In 2017, an exhibition in Berlin named "Bloody soil. Scenes of NSU crimes" zoomed in on the locations of the right-wing murders. DW spoke with photographer Regina Schmeken and found out how the project impacted her.
The surviving member of the neo-Nazi terrorist group the National Socialist Underground (NSU), Beate Zschäpe, was given a life sentence on Wednesday for the murder of ten people — mostly from immigrant communities — over a seven year period.
At the beginning of 2013, the renowned photographer Regina Schmeken started taking pictures of the sites where the crimes took place. They were published as a photo album.
Last year, the black-and-white photos of the series "Bloody soil. Scenes of NSU crimes" were put on show at the Martin-Gropius-Bau museum in Berlin. She spoke to DW about why she chose to feature these crimes.
DW: The NSU trial has been very prominent in the media again recently. Do you think that the end of the trial will offer some sort of closure, especially for the victims?
Regina Schmeken: That's a difficult question. The exhibition closes with a depiction of the door to the court. This door, which is quite shabby, offers a strong metaphor. The defendant went through it. Everyone is waiting for something to open up there. The question is now: Will we get some insight into the truth?
The victims were all people who had a very positive connection to Germany. When you see the exhibition, you realize they were murdered in completely normal locations. Why were specifically those people shot there? This arbitrariness is a heavy burden on the victims' families. They hope for this relief you mention, to have some light shed on what happened.
What initially drove you to go to the sites of the crimes?
It started out as an assignment for the Süddeutsche Zeitung newspaper. My colleague Annette Ramelsberger asked me to visit all the crime scenes before the beginning of the trial to photograph them. I immediately knew this was something important. I then found it all so eerie that I turned it into a personal project.
It was a risk. I thought, hopefully it will not lead to something kitschy or to some false pathos. I didn't have any contact with the victims and their families. I was afraid this could turn into something embarrassing. But now I'm comfortable with it. In Dresden [where the exhibition was previously shown], the son of the first victim was there and told me that he found the exhibition good because his father and the other victims would not be forgotten. The exhibition has turned into a form of memorial.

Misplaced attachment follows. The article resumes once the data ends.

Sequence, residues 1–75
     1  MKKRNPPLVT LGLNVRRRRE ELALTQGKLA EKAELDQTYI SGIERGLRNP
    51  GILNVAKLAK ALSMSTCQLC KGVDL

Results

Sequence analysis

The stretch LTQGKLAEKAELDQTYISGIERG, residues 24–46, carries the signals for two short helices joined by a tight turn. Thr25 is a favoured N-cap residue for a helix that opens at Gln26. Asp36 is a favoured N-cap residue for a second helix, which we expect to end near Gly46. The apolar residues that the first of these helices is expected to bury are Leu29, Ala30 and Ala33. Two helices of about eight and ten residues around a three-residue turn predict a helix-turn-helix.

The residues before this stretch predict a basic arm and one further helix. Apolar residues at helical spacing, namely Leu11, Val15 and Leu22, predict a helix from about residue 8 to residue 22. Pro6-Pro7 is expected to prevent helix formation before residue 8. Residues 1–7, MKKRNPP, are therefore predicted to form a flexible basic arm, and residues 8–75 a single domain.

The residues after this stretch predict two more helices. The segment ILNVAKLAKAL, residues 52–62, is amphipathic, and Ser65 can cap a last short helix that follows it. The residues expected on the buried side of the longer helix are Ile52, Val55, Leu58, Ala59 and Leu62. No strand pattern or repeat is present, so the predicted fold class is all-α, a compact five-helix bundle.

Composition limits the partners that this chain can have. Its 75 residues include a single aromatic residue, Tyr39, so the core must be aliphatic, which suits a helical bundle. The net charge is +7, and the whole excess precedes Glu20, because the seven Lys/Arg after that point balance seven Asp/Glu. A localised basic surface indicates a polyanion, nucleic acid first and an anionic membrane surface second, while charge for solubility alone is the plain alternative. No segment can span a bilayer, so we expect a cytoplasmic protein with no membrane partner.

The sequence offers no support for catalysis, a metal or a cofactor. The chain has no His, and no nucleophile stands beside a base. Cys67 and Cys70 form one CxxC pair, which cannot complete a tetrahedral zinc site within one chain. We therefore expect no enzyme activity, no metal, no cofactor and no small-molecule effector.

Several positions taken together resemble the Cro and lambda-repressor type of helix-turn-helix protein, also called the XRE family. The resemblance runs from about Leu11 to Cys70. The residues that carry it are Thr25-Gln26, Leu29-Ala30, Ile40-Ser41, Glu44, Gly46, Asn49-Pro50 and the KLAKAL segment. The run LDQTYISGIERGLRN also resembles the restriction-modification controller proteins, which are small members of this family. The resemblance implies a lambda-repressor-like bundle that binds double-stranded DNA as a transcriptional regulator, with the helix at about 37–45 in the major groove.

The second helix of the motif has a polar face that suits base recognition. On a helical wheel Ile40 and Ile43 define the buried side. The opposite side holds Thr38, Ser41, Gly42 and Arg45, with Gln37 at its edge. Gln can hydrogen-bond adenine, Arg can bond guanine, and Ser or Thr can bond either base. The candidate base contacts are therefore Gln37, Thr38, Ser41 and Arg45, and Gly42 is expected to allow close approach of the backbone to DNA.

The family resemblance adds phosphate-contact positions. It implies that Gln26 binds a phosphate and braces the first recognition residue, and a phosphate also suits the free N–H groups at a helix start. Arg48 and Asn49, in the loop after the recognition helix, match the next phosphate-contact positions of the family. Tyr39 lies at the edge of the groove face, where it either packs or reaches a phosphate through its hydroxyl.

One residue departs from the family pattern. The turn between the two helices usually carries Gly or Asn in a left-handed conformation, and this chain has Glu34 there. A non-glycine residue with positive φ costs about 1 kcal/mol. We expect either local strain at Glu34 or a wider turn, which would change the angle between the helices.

Your exhibition is called "Bloody soil. Scenes of NSU crimes." The title offers a reference to the Nazis' Blood and Soil ideology, which focuses on ethnicity. Was the connection between the terrorists and the Nazis' ideology something you wanted to underline?
Yes, that was the intention. The victims were truly executed, they were all found in a pool a blood, in their own blood, lying on the ground. That's why the photos always offer a perspective on the ground. It is the perspective of a person who has fallen. I always felt drawn to the ground throughout my "investigation." I found that was the appropriate approach.
And clearly, this ideology is part of the belief that foreigners do not belong here because they were not born here and because they're bringing influences that aren't German. That unfortunately fits very well with the Blood and Soil ideology.
Your photos of the crime sites do not show any of the perpetrators nor the victims. Was that a challenge or rather a condition for what you intended to do?
It was a big challenge to go somewhere where there's nothing left to see. I showed up at the locations of the crimes years after the events. The people who were there at the time were gone. In some cases, other people had moved in. Some locations remained empty. To photograph a vacant lot in a way that could be interesting for others is not very easy.
How did this project impact your perception of the crimes?
It drew me closer to the victims' families and the people with an immigration background here. It engaged me in the case. What particularly depresses me is that we actually don't want to take such a close look at the crimes. [Before working on the project] I did find it all terrible, but I didn't really want to know. And then I had to deal with it very intensively.
Recently in Cottbus, a young Egyptian student was hit by a car. And after that happened, she was yelled at by people saying it was her own fault. As a foreigner, she shouldn't have been there in the first place. She later died from the injury. That is really difficult to bear. Society cannot look away. We need to do something against such plagues.